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Thread: huge quad

  1. #1
    Junior Member Regular Contributor
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    huge quad

    here´s a tricky one:
    i´m currently writing a submarine game and everything is working fine, until i decided to include a sea surface. this is simply one huge quad with an alpha value of 0.7 or something i positioned a bit above my landscape which overlaps the extents of my world a bit - the quad is something like 8000x8000 units (maybe more) large and has a texture map applied to it. while this works fine for some openGL implementations (voodoo2), it delivers incorrect results on ATI and GeForce boards: the surface then is only visible if i view it from a certain angle which seems to be almost perpendicular to the sea surface, as soon as i alter the angle, the surface becomes darker and fades away. moreover, the quad is NOT affected by glFog, which i have not had any trouble with up to now.
    my only suspicion is that openGL might have trouble with clipping large polygons, but that seems pretty ridiculous. i´ve played around with switching texturing, lighting, fog, materials, etc on and off but nothing at all worked.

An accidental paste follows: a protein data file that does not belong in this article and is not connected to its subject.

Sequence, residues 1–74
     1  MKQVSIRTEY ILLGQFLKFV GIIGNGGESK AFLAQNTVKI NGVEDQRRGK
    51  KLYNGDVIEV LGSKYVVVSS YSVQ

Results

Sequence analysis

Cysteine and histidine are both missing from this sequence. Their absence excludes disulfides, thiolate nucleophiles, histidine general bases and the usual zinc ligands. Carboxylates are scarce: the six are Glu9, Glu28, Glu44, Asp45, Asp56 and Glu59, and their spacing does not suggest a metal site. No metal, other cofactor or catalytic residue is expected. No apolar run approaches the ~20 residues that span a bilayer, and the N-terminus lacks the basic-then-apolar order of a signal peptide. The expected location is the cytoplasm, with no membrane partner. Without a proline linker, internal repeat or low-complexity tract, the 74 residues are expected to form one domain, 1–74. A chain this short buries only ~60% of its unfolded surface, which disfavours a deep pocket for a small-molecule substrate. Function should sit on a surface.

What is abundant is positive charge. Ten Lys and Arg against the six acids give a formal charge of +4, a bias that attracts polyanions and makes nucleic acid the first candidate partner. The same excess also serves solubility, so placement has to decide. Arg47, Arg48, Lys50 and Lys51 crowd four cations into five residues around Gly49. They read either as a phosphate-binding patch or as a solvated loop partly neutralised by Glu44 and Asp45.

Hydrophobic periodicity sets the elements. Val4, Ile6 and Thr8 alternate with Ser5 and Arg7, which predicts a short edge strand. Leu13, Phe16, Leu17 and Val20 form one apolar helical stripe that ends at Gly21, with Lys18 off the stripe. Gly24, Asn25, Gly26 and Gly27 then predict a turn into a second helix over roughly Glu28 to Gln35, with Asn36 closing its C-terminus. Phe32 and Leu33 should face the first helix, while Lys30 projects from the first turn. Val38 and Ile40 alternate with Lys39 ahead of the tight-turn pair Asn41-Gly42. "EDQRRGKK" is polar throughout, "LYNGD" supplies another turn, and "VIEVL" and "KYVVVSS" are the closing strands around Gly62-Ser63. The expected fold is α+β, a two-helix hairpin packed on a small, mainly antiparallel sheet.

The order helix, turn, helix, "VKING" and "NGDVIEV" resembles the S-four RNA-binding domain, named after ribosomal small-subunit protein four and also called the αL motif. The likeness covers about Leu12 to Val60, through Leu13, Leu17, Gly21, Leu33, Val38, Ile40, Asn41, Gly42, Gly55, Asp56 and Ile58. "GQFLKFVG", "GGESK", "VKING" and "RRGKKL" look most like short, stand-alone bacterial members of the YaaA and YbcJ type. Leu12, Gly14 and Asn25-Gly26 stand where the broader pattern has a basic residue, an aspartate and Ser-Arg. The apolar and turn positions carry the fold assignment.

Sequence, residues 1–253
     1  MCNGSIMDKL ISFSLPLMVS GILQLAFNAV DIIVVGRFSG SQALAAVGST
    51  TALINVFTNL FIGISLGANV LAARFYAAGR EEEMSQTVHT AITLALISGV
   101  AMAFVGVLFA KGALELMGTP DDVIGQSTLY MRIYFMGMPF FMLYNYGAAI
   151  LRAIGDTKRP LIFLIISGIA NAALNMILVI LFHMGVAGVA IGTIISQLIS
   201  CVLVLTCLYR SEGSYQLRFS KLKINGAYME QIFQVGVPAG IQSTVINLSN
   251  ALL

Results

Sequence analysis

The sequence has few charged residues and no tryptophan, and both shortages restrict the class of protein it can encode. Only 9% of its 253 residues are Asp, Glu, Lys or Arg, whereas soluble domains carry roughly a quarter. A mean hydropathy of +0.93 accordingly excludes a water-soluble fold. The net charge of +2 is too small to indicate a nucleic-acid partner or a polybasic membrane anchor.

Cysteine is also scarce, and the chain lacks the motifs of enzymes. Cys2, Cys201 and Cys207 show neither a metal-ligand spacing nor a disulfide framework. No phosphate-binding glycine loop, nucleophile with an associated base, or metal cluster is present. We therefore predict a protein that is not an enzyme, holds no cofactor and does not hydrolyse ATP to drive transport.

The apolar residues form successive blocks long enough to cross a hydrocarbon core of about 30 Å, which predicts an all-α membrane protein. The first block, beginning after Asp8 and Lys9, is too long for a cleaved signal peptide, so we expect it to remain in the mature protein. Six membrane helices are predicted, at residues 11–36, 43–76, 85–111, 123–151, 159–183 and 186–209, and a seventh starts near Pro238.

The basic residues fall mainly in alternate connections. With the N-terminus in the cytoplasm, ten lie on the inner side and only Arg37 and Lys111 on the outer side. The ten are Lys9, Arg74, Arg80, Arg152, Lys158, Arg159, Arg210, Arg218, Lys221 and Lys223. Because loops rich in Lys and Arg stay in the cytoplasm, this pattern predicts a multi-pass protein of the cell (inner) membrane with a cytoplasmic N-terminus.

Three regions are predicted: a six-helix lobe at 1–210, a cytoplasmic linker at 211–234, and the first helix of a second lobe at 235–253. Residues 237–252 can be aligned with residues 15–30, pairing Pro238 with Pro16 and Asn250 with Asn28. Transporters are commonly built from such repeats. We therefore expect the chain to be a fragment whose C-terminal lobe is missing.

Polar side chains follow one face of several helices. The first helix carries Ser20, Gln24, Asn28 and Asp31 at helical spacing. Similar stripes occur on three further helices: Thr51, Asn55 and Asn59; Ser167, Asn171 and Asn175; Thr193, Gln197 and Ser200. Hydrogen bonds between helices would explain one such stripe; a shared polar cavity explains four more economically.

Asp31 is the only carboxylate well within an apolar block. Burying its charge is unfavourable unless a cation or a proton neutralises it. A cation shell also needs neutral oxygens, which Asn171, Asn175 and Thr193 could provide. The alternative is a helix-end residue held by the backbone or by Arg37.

any suggestions?

  2. #2
    Member Regular Contributor
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    Re: huge quad

    I doubt it is the size of the quad, size has no meaning in OpenGL. Last week I used a scale of 1 unit to 1 meter, the other day I had 1000 units to 1 meter and today I have made a quick game where the entire level which is about the same size as a quake 3 level is less tan 0.1 Opengl units across. The only thing with size is with depth buffer ranges.
    Reality is for idiots only the best over come it!

  3. #3
    Senior Member OpenGL Guru
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    Re: huge quad

    Try make that huge quad several smaller quads instead.

  4. #4
    Senior Member OpenGL Guru
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    Re: huge quad

    stick this before u draw the quad
    glDisable(GL_LIGHTING);
    glColor4f(1,1,1,1);

  5. #5
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    Re: huge quad

    Originally posted by Bob:
    Try make that huge quad several smaller quads instead.
    of course, that´s obvious.. but that´s exactly what i wanted to avoid in order to reduce the amount of vertices of my scene. i see nothing wrong about my idea and wonder why some openGL implementations render it so differently.

    btw, i´ve tried everything with glLighting, Color, and Culling, and nothing helps :-(

  6. #6
    Senior Member OpenGL Guru
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    Re: huge quad

    the voodoo2 cant handle textures bigger than 256x256 also its it tends to choke on to larger texture coords/acuuracy. perhaps the other cards are displaying it right and the voodoo is wrong

  7. #7
    Junior Member Regular Contributor
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    Re: huge quad